(WXYZ) – Now that the temperatures are dipping below freezing, we need to be aware of how much time we spend outdoors – especially at night.
Many of us, we’re used to coping with the cold weather, but we must all be reminded of winter dangers like the possibility of freezing to death.
Our normal body temperature is 98.6 degrees, but the body starts shutting down when it hits 95 degrees. That’s called hypothermia and it’s a real danger.
Once your body hits 82 degrees, you can become unconscious. Death can happen when your body temperature goes below 70. In dangerous weather conditions, this can take less than an hour.
Death can happen faster if you fall through ice into the freezing water below.
Core Temperature Drop
The average temperature of a person’s core body is typically 98.6 degrees Fahrenheit (37 degrees Celsius). Hypothermia occurs when the core body temperature falls below 95 F (35 C). Surprisingly, people can become hypothermic even in relatively cool, but not freezing, air temperatures of 30 to 50 F (minus 1 to 10 C), especially if they are wet, for example, from rain, sweat, or submersion in cold water. The body loses heat 25 times faster in water than in air.
What’s the Lowest Temperature a Human Can Survive?
The speed of those changes may influence the body’s physical and physiological responses to changes in temperature. Consider a scenario in which the temperature gradually decreases. The body can generally continue to operate without significant responsibility for some time at that point.
We usually perish from the cold because our body temperature falls below 70 degrees.
When Does a Person Freeze to Death?
When our core body temperature begins to drop, it is difficult for us to stay warm. Our average core body temperature is 98.6 degrees Fahrenheit. If your internal body temperature drops below 95 degrees, you will become too chilly and risk death from hypothermia.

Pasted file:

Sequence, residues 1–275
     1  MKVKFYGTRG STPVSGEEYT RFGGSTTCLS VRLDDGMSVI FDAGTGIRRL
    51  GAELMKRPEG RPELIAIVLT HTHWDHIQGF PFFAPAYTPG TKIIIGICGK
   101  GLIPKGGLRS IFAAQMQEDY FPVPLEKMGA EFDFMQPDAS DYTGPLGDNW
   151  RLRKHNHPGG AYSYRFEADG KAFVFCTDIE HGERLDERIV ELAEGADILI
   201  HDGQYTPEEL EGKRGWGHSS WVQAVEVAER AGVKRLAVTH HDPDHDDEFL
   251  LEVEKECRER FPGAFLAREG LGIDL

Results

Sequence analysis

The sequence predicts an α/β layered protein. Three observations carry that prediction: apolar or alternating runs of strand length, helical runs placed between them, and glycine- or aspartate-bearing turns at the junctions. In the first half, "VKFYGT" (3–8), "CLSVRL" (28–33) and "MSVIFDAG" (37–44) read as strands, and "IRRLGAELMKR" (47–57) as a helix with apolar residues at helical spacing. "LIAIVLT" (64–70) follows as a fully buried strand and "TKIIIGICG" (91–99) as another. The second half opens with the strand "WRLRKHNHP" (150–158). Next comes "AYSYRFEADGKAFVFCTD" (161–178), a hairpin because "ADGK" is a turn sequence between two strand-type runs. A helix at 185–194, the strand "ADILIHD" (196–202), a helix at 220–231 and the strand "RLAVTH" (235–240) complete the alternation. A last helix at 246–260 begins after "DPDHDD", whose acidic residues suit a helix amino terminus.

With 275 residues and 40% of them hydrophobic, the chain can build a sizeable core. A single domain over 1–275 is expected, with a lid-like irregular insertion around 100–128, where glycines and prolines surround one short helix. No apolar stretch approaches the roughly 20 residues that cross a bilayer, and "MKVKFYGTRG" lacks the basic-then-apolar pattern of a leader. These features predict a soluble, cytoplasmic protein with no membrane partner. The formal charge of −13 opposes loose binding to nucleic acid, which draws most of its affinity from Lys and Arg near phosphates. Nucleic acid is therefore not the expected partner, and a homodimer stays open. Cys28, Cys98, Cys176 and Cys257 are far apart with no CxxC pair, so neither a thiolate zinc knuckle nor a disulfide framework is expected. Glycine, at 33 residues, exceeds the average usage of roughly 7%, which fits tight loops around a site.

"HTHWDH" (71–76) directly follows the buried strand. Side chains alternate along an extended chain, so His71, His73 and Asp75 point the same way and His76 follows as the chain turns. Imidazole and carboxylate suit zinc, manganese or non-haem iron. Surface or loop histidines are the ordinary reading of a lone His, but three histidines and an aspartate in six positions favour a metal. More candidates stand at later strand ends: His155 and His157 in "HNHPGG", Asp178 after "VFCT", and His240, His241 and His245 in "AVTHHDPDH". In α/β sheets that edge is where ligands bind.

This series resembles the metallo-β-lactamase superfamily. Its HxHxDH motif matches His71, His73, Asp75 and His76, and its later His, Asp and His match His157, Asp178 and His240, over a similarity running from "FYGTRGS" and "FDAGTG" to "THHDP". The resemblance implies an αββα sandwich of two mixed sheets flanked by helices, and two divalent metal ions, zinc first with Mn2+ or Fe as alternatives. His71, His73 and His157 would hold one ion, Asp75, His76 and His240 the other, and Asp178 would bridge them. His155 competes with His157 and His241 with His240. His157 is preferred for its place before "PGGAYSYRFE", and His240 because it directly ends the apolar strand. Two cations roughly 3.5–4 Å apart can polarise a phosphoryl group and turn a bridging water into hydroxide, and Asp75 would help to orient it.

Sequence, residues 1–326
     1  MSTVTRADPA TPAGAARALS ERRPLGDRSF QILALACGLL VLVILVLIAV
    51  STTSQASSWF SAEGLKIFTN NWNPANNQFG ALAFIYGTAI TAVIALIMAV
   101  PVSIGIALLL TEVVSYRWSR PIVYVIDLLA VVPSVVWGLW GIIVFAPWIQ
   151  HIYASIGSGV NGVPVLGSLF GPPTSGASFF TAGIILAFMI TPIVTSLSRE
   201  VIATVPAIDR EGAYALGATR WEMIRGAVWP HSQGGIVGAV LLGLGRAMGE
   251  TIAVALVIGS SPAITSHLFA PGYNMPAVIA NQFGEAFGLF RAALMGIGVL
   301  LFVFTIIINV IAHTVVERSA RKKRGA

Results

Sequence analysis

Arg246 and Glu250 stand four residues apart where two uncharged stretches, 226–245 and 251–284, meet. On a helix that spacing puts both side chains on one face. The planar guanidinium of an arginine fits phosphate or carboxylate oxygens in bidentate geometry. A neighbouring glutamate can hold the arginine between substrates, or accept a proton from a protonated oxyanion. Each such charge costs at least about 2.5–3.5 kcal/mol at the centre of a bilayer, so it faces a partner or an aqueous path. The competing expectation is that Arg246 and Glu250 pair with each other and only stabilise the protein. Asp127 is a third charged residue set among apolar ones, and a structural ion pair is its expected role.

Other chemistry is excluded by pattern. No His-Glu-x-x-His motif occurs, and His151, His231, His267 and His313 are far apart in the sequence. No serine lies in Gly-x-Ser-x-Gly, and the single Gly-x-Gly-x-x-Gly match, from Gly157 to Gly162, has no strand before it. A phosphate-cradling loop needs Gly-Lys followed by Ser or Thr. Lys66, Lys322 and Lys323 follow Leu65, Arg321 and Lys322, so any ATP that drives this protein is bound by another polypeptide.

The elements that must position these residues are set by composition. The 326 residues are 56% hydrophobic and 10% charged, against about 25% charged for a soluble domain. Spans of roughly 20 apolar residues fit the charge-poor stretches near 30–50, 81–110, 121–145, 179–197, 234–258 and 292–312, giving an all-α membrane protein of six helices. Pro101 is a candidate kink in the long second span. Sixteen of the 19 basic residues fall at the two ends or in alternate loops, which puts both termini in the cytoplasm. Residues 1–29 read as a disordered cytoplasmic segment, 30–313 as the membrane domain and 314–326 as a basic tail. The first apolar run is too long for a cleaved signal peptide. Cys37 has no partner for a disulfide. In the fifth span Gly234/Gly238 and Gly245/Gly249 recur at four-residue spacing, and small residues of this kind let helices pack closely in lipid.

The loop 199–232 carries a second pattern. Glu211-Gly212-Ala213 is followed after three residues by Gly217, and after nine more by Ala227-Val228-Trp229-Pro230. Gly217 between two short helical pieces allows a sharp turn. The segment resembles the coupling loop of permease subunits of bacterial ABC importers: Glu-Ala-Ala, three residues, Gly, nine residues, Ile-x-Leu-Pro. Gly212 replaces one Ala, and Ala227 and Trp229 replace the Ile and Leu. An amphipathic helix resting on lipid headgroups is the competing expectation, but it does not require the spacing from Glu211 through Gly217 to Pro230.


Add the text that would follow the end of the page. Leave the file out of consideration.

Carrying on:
Hypothermia can happen even if it’s not cold outside. While the ordinary person would require chilly weather, you may get hypothermia at mild temperatures of 30-50 degrees Fahrenheit. If you’re damp, the temperature range might be much wider. It is because your body loses heat faster in water than in air.
What Is Hypothermia?
Hypothermia is a condition in which heat exchange with the environment is faster than it can be generated. Your body temperature dips below 35°C (95°F). Shivering, dizziness, stuttering, and forgetfulness are all symptoms. If not treated promptly, it might result in death.
Hypothermia is when the core body temperature drops below 95°F (35°C). When people are exposed to cold temperatures, have wet clothing, or are immersed in cold water, they are at risk for this illness.
Watch First for Frostbite
It only takes 5 to 10 minutes in freezing temperatures with a wind chill factor. Monitor your nose, cheek, chin, fingers, and toes for looking colorless and feeling numb. And pay attention to your eyes, they’re also vulnerable to the cold and can get frostbite as well.
If you experience any frostbite signs or feel like you can’t focus, get inside quickly. You can drink a warm beverage to warm up your core temperature.
- Know the temperature doesn’t have to hit zero for a person to experience dangerously low body temperature. And get immediate help if you suspect anyone has hypothermia. Symptoms include shivering, slurred speech, lack of coordination, confusion, and very low energy.
- If you’re heading outside, make sure your clothes are dry. You’ll lose heat 20 times faster if your clothes or skin are wet.
- Be sure to wear layers that absorb and draw away sweat. Put on a hat and scarf as you can lose 20 percent of body heat from your head.
- Don’t drink and drive. You can end up in the ditch and not be found for hours. This can lead to frostbite, lost limbs, and hypothermia.
When you’re driving around, shopping, or visiting loved ones, you can experience unexpected car troubles and find yourself in very dangerous winter conditions.
Drive With a Full Tank of Gas, Blankets, Water, and Snacks
Make sure your phone is charged. That way you encounter car troubles, you can wait a few hours for help.
I also have winter safety tips for when you exercise outdoors. Learn more here.
Copyright Scripps Media, Inc. All rights reserved. This material may not be published, broadcast, rewritten, or redistributed.
Data pulled from WXYZ